For those who missed it, earlier this week the National Federation of High School Athletic Associations (NFHS) passed a new rule requiring all state HS athletic associations to pass a rule dealing with pitch count limitations and mandatory days of rest. These limitations are supposed to be effective for the 2017 season. UNFORTUNATELY, the NFHS also chickened out a bit. They could simply have incorporated the Pitch Smart Guidelines into the NFHS Rule Book. Instead, they allowed each state association to adopt its own rules.
The upshot of this is that in 2017 all states will have some form of pitch count limitation and mandatory days of rest. However, these rules may take many different forms. Some states will simply adopt the Pitch Smart Guidelines. But, others will try to water them down as much as possible. I encourage each of you to contact your state associations and adopt them AS WRITTEN. I am not saying these guidelines are perfect. But, they are a reasonable compromise, and probably the best we can hope for under the circumstances. Write letters to your state association. Talk to your doctor, PT, CT friends and get them involved. We finally have a chance for some real progress here. Let's not let it slip away.
Post by scorekeeper on Jul 17, 2016 13:07:44 GMT -6
It is a giant leap forward, but it really is a real shame NFHS didn’t do more to make sure good limitations were the minimum requirement, especially when they have the perfect opportunity. USA Baseball is the governing body for all amateur baseball in the country, of which HS baseball is definitely a part, and they have endorsed Pitch Smart. web.usabaseball.com/article.jsp?ymd=20150410&content_id=117388756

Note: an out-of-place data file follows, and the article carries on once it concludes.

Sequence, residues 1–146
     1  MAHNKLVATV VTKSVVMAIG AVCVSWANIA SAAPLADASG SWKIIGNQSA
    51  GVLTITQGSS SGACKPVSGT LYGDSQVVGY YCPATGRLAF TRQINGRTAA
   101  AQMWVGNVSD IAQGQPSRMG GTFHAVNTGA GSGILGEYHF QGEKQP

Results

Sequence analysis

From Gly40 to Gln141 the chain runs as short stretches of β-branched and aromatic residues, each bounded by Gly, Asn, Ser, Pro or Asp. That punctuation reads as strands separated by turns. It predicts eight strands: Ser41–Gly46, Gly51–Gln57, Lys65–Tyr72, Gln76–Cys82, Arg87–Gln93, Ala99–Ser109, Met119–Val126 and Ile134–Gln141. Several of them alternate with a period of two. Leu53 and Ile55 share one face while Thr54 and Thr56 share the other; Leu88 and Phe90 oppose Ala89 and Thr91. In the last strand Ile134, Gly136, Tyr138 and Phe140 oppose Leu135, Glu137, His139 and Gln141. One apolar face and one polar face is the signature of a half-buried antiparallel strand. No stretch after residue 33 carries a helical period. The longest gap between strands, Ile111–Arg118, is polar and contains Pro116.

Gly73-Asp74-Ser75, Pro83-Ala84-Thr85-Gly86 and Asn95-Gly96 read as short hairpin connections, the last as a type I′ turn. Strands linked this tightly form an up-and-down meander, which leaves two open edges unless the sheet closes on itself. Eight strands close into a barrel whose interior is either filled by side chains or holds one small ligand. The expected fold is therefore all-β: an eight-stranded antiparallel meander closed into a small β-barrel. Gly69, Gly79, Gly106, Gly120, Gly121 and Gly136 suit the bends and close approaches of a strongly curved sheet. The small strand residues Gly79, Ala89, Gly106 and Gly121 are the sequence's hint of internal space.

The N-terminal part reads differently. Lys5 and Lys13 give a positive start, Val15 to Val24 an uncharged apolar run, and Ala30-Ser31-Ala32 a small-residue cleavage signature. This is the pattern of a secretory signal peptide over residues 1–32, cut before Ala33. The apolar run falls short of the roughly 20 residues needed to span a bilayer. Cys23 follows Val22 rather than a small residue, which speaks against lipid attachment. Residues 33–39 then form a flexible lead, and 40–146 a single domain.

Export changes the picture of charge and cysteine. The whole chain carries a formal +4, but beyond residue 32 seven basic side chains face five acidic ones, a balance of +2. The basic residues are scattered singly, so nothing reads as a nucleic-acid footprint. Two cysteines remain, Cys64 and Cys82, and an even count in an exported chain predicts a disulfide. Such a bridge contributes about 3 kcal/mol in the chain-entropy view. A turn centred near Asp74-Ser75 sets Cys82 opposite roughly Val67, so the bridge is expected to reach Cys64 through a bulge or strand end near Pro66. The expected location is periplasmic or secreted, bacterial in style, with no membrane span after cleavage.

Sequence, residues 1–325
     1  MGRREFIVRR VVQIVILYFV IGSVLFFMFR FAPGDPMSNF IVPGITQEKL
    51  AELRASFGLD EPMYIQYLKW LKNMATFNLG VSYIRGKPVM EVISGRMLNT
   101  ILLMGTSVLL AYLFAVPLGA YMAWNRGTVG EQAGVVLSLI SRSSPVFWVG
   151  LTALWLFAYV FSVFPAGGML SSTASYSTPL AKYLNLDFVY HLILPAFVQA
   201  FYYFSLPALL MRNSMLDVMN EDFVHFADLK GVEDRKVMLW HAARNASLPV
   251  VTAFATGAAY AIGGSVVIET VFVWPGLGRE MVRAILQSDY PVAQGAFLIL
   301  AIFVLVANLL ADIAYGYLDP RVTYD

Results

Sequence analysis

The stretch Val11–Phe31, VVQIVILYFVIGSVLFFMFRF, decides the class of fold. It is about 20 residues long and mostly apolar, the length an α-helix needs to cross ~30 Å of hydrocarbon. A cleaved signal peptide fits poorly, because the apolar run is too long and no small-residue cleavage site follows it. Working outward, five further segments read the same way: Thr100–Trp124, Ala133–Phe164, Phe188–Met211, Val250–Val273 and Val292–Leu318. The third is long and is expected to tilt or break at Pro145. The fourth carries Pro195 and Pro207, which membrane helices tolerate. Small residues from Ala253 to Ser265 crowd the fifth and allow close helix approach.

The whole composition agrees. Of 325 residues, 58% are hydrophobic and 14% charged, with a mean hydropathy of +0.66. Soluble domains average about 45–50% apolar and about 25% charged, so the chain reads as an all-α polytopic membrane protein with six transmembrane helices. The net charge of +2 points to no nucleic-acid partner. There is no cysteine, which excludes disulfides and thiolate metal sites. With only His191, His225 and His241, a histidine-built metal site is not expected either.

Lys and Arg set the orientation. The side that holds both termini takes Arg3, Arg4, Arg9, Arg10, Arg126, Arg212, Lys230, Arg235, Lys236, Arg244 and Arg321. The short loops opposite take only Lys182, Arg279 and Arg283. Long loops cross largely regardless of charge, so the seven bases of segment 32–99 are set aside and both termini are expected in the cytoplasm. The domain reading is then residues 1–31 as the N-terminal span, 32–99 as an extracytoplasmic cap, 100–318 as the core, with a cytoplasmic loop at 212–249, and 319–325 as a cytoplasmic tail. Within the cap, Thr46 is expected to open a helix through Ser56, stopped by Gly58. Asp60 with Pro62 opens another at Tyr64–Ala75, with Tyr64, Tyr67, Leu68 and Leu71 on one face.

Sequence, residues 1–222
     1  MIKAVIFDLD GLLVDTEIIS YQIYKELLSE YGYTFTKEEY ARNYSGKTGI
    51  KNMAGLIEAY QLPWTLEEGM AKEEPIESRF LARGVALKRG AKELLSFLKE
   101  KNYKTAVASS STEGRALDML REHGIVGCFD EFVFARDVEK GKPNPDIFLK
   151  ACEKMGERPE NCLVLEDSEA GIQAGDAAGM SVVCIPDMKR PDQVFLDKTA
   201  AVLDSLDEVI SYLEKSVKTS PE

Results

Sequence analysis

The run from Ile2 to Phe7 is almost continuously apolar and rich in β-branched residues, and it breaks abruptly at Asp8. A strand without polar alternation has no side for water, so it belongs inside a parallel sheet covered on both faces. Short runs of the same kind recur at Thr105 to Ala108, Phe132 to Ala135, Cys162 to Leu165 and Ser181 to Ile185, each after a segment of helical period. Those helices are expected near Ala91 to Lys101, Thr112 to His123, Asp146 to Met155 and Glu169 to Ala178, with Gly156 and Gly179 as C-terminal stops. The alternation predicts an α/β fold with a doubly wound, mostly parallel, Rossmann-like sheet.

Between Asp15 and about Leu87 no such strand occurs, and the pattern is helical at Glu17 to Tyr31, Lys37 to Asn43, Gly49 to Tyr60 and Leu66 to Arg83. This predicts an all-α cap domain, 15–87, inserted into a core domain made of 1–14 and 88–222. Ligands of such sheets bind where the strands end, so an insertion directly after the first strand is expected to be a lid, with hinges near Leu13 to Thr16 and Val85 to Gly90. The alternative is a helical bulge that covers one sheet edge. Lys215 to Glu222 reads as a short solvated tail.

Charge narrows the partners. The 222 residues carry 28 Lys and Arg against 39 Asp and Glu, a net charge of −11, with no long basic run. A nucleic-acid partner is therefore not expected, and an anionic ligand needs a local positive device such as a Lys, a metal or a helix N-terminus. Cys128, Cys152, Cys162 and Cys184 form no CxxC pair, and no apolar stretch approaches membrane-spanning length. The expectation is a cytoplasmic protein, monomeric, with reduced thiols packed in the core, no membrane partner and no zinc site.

It was the perfect opportunity to get all of HS baseball on the same page as far as minimum standards go. If a state want more strict limitations they could, but that really wouldn’t be necessary. Unfortunately, there are still enough dinosaurs in high administrative positions in the various baseball venues that there had to be a compromise or it would have been even longer before we got what we did.
What some of us are fighting for out here in the land of fruits and nuts is to use the rest part of the equation to stop most of the violations. Yes, the max limit whatever it is will be far better than IPs, but from my perspective the most important part of the pitch limit equation is the rest. Picture this. If it were possible to have a list of the dates when it was legal for every player to pitch before the game even started, how many violations would be avoided?
I’ve developed something for our coach to help him make sure he doesn’t get himself into a jam. See the pitall11.pdf attachment. That’s an example of every player who has thrown a pitch during the summer. As you can see, it also list pertinent information about their last appearances, including the amount of rest required and the date they can next legally pitch. If the date is past and it’s legal for the player to pitch I use green type and if it hasn’t passed making it illegal, the typeface is red. Since the date that one was run was 7/15 the 2nd pitcher on the list can’t pitch.
In my teams case I have that information at hand so it takes nothing more than a mouse click to get the report. I’m trying like crazy to get MaxPreps who most teams out here use to post stats, to make it possible to get the same thing. For those of you who don’t know, MaxPreps allows coaches to print game programs. See the program.pdf attachment. It would be pretty simple for them to add the same information on the game program that I put on my report.
I’d prefer the PU be given one during the pregame meeting. That way the starters could be checked to see if they’re eligible to pitch as well as any pitchers entering the game. What you’ve done is stopped rest violations from occurring. Now all you have to worry about is the max number of pitches for any pitcher in the game and that’s simple. Unfortunately, it’s difficult to get something like that put into place, and even more so in the short amount of time between now and the beginning of the spring season. Also, it would be a PITA for MaxPreps to have to keep track of different rules for every state.